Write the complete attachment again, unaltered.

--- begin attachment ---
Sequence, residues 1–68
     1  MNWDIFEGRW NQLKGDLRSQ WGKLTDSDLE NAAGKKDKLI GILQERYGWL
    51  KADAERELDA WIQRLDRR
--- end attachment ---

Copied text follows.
Sequence, residues 1–68
     1  MNWDIFEGRW NQLKGDLRSQ WGKLTDSDLE NAAGKKDKLI GILQERYGWL
    51  KADAERELDA WIQRLDRR